FIG. 2 illustrates the design of the gate valve 10. Its slider housing 12 is adjacent to the pertinent chamber wall 4, 5, with seals 18, 19, providing such a sealing effect that the passage openings 8, 9 are enclosed airtight. The slider housing 12 has passages 25, 26 that are aligned with the passage openings 8, 9. At the lower end of the piston bar 14, one can see the slider 15 within the slider housing 12. This has two valve plates 20, 21 opposite one another, which also have surrounding seals 22, 23, and can be moved against the slider housing 12 by means of a hose-shaped lifting element 24 placed between the valve plates 20, 21 such that the passages 25, 26 are closed, and therefore the passage openings 8, 9 are also closed.
The sealing between the piston rod 14 and the slider housing 12 takes place by means of expansion bellows 27 which is affixed on the slider housing 12 and on the flange 28 that is firmly connected to the piston rod 14.
FIG. 3 shows the slider 15 within the slider housing 12 in the left part of the figure in its upper position of the closing setting, and in the right part of the figure in its lower position. Therefore, the passage 26 cleared by the slider 15 can be seen in the left part of the figure. Two lifting cylinders 13, 13 a that carry the slider and make possible its vertical movements can be seen on the slider housing. The slider housing 12 is constructed pressure-tight and has two connections 29,30, via which it can be acted on, alternately with reduced pressure or atmospheric pressure. When acted on with atmospheric pressure, the closing force of the gate valve 10, 11 can be increased. If the lifting element 24 is connected with reduced pressure during the opening of the gate valve 10, 1l, then the opening of the gate valve 10, 11 is facilitated.
In the embodiment in accordance with FIG. 4, the lifting element 24 consists of a large number of individual cocking cylinders 31 arranged in a row. For its pressure medium supply, a supply conduit 32 that leads to a pressure distribution conduit 33 is used. Branch conduits 34 lead from the pressure distribution conduit 33 to two cocking cylinders 31. The pressure medium supply conduit 33 is connected to a pressure medium canal 35 in the interior of the piston rod 14, to which compressed air can be conducted via a pressure medium connection 36. To clean the slider housing 12, there are cleaning openings 45 which are closed by a lid 44 on the front sides.
FIG. 5 shows a basic element 37 which is affixed to the piston rod 14 by means of a bolt 38. This basic element 37 carries the cocking cylinders 31. The pressure medium distribution conduit 33 runs in the interior of the basic element 37 in this exemplified embodiment and has an outlet 39 to the individual cocking cylinders 31 by which air can reach the cocking cylinders 31.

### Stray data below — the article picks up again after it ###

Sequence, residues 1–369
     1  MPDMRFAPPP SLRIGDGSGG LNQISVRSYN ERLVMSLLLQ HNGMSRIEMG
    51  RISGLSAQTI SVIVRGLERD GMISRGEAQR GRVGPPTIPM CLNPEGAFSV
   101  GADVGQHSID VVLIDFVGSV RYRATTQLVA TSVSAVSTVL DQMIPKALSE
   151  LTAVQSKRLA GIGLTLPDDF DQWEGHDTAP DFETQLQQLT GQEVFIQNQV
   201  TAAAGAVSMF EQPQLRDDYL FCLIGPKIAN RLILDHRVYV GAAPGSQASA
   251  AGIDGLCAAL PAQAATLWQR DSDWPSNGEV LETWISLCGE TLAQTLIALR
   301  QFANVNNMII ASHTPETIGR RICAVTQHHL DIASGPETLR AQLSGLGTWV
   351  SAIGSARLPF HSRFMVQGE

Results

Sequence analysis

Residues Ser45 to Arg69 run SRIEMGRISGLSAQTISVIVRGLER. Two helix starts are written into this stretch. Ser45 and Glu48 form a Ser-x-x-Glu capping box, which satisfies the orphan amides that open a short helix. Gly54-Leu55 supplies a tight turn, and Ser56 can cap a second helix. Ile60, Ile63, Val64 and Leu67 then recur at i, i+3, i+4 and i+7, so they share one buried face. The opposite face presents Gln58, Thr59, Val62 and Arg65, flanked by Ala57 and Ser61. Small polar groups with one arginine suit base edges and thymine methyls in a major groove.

The individual cocking cylinders 31 can be affixed individually on the basic element 37) so that in case of a defect of a cocking cylinder 31, they can be separately replaced.
In the embodiment according to FIG. 6, the basic element 37 is constructed as a flat middle plate. The valve plates 20, 21 are connected with the basic element 37 by flat leaf springs 40, 41, 42, 43 running in the longitudinal direction of the slider 15. As FIG. 7 shows for the leaf springs 42, 43, they are connected with one end to the basic body 37 and with their other end to a valve plate 20,21. They link the valve plates 20, 21 to the basic element 37 so that the valve plates move automatically to their starting position when the acting pressure declines after a pressure medium first acts on them.
Further variations and modifications of the foregoing will be apparent to those skilled in the art and are intended to be encompassed by the claims appended hereto.
German priority application 198 57 201.8 is relied on and incorporated herein by reference.
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|U.S. Classification||251/167, 251/62, 251/195|
|Mar 17, 2000||AS||Assignment|
Owner name: LEYBOLD SYSTEMS GMBH, GERMANY
Free format text: ASSIGNMENT OF ASSIGNORS INTEREST;ASSIGNORS:SAUER, ANDREAS;SCHUHMACHER, MANFRED;KUNZ, JOHANNES;AND OTHERS;REEL/FRAME:010614/0198
Effective date: 20000218
|Mar 14, 2005||FPAY||Fee payment|
Year of fee payment: 4
|May 15, 2006||AS||Assignment|
Owner name: APPLIED FILMS GMBH & CO. KG, GERMANY
Free format text: ASSIGNMENT OF ASSIGNORS INTEREST;ASSIGNOR:UNAXIS DEUTSCHLAND HOLDING GMBH (AS SUCCESSOR-IN-INTERESTTO LEYBOLD SYSTEMS GMBH);REEL/FRAME:017619/0001
Effective date: 20060111
|Jan 22, 2007||AS||Assignment|
Owner name: APPLIED MATERIALS GMBH & CO. KG, GERMANY
Free format text: CHANGE OF NAME;ASSIGNOR:APPLIED FILMS GMBH & CO. KG;REEL/FRAME:018787/0030
Effective date: 20060807
|Apr 9, 2009||FPAY||Fee payment|
Year of fee payment: 8
|May 24, 2013||REMI||Maintenance fee reminder mailed|
|Oct 16, 2013||LAPS||Lapse for failure to pay maintenance fees|
|Dec 3, 2013||FP||Expired due to failure to pay maintenance fee|
Effective date: 20131016